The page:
And for projects that are not really running, that's on standstill, we are looking at project delays after 30 to 90 days. Right. The other thing that we've heard around construction is people don't want to come two sides, right, for obvious reasons. But what's more important is they get a lot of family pressure because your loved ones don't want to go in case, you know, you get infected and there's a risk to your life. So you, you know, some, some essential workers who need to be onsite don't feel comfortable being onsite. And a lot of the, the companies that they've talked with are really focusing on that health and safety and that security of course, you know, because you can't have all the workers site because of social distances, you have to stagger shifts, meaning fewer people on site and you know, longer time to complete the same work.

Shenaz: (07:46)
Again, needing to delay in project and project to delays costs money. And, uh, you know, there are legal implications that, so it will be very important for, for contractors, for general contractors to issue notices to um, customers because their payment is usually my stolen base and obviously they won't be able to get any, any of the short term milestones, right? So having that communication going off to the customers, uh, rather sooner than later, it's going to be critical to kind of help mitigate some of the financial risks and damages that you would see. And the other key area that we see the construction companies are facing is labor shortage. And that's for obvious reasons. But the problem with labor shortage in construction is anyway, there's a labor shortage in construction COVID or not, you have a shortage of skilled labor and that is getting compounded now because you, you don't have a lot of workers onsite for various reasons, right?

Shenaz: (08:44)
20% of the workers, um, are not on site because of the social distancing and safety assessment. safety for projects that are running. So that's what you need. The construction side of things. There's all the short, some things that are happening when you look at real estate. However, things are pretty different, right? Because when you talk about real estate, you're thinking about commercial properties like walls, um, you know, the, the, the companies that manage walls, um, you're, you're talking about office space, you're talking about fair housing space and depending on where your portfolio is along these, you know, different kinds of commercial properties, realistic properties, the impact the customers are feeling a little bit different, right? So if you're thinking about kind of industrial real estate or are companies with investments in warehousing facilities and things like that, you're, you're seeing a little bit of a rise in demand.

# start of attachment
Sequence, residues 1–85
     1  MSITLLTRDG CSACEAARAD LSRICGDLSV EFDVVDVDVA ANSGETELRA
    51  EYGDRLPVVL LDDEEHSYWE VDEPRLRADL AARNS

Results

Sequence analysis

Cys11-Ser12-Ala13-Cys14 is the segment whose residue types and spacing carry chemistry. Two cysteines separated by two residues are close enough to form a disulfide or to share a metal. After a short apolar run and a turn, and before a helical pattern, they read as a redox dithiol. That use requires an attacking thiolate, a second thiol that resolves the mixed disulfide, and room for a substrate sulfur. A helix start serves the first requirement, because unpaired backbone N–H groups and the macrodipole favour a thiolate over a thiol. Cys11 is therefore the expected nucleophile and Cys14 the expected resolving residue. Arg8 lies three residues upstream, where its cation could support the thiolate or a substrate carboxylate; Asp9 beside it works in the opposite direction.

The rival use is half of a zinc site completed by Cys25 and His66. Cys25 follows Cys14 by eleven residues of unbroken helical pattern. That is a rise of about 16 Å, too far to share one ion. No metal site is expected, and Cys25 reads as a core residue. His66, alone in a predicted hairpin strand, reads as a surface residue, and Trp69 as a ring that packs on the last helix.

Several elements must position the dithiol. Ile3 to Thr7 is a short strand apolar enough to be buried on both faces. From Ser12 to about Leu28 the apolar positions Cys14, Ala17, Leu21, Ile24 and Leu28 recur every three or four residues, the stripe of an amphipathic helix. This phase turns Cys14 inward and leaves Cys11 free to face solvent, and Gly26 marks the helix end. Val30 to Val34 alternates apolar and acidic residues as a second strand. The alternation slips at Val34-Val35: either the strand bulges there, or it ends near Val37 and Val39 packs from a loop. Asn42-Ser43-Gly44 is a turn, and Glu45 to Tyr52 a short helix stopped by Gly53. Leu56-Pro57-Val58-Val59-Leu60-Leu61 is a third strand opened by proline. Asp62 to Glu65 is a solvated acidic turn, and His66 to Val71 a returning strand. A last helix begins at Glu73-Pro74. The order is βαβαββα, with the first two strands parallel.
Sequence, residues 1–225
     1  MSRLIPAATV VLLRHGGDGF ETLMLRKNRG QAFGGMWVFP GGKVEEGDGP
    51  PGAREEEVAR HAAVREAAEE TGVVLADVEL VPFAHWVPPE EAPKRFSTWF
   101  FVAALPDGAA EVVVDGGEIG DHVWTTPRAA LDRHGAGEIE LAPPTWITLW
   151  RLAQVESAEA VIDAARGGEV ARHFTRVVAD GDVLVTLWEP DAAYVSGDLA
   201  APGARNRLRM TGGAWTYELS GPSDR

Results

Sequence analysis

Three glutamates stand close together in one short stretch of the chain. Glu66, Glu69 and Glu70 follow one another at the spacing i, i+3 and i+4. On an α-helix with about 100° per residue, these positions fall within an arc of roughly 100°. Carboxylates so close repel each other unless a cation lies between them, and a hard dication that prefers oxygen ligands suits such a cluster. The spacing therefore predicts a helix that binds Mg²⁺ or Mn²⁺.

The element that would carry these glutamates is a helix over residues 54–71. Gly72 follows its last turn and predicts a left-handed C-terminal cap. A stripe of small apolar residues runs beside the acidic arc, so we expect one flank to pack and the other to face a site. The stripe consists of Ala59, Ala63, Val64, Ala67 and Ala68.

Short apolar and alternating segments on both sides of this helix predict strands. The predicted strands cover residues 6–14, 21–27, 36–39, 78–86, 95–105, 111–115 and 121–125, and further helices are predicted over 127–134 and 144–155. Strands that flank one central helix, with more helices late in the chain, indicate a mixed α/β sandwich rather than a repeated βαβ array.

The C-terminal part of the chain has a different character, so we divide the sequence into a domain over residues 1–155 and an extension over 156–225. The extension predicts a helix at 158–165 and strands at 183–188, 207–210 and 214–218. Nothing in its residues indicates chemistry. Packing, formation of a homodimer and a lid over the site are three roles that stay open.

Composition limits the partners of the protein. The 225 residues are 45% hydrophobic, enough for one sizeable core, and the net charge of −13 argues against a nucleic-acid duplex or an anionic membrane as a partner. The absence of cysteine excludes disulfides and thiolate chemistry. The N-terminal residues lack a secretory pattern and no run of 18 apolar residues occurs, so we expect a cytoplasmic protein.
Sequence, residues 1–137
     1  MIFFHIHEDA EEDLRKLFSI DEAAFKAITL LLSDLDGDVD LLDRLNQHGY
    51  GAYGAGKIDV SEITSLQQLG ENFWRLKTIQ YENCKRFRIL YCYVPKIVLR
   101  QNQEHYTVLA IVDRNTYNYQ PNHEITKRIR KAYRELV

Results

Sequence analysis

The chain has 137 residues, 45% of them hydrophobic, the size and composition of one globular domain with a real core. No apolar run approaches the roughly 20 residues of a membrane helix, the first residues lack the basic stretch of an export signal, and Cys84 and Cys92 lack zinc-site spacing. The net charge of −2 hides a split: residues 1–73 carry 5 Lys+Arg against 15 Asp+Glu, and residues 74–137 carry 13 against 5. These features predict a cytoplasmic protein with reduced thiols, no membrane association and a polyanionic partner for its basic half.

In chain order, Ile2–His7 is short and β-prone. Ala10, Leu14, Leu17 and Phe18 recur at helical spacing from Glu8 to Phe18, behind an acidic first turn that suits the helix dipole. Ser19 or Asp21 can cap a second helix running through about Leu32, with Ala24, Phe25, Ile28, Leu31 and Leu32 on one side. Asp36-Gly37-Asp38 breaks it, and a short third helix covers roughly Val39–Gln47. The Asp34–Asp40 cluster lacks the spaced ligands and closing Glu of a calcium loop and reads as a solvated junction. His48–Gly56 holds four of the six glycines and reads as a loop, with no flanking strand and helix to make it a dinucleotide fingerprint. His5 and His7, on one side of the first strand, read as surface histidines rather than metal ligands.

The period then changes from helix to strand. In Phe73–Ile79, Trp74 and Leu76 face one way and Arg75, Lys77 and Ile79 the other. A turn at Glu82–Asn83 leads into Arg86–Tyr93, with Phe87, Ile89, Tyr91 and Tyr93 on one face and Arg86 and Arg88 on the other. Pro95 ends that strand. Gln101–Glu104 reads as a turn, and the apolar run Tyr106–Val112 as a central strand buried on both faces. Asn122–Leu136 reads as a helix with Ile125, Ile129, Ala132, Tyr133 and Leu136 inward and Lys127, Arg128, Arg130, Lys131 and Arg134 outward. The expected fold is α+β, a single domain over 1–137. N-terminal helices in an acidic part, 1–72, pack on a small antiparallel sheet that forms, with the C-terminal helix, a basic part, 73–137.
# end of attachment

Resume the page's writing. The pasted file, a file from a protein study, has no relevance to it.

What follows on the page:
Shenaz: (09:42)
Um, because people are, you know, doing, going more online that they're shopping and that their needs and so on. Of course, overall that retail has declined, but people are still, at least people like me, I still do some shopping online, right? You have that getting their groceries delivered online and you have this like peaking warehousing capacity. But that's part of the challenge because you can't have a staff on those facilities. You need to clean those systems properly. So there is, that's operations and maintenance challenges that they're facing. Retail on the other hand, it's complete shut down. Right. There are, there are, um, so he didn't work. I have a tenant if I have, if I have a mall and in that mall that has several shops in those shops of tenants, um, me as a real estate firm or an Avenue because the tenants um, you know, the Rent now if the tenants aren't making any money, the tenants are going to go, Hey, I can't pay you guys because I don't have money to pay you.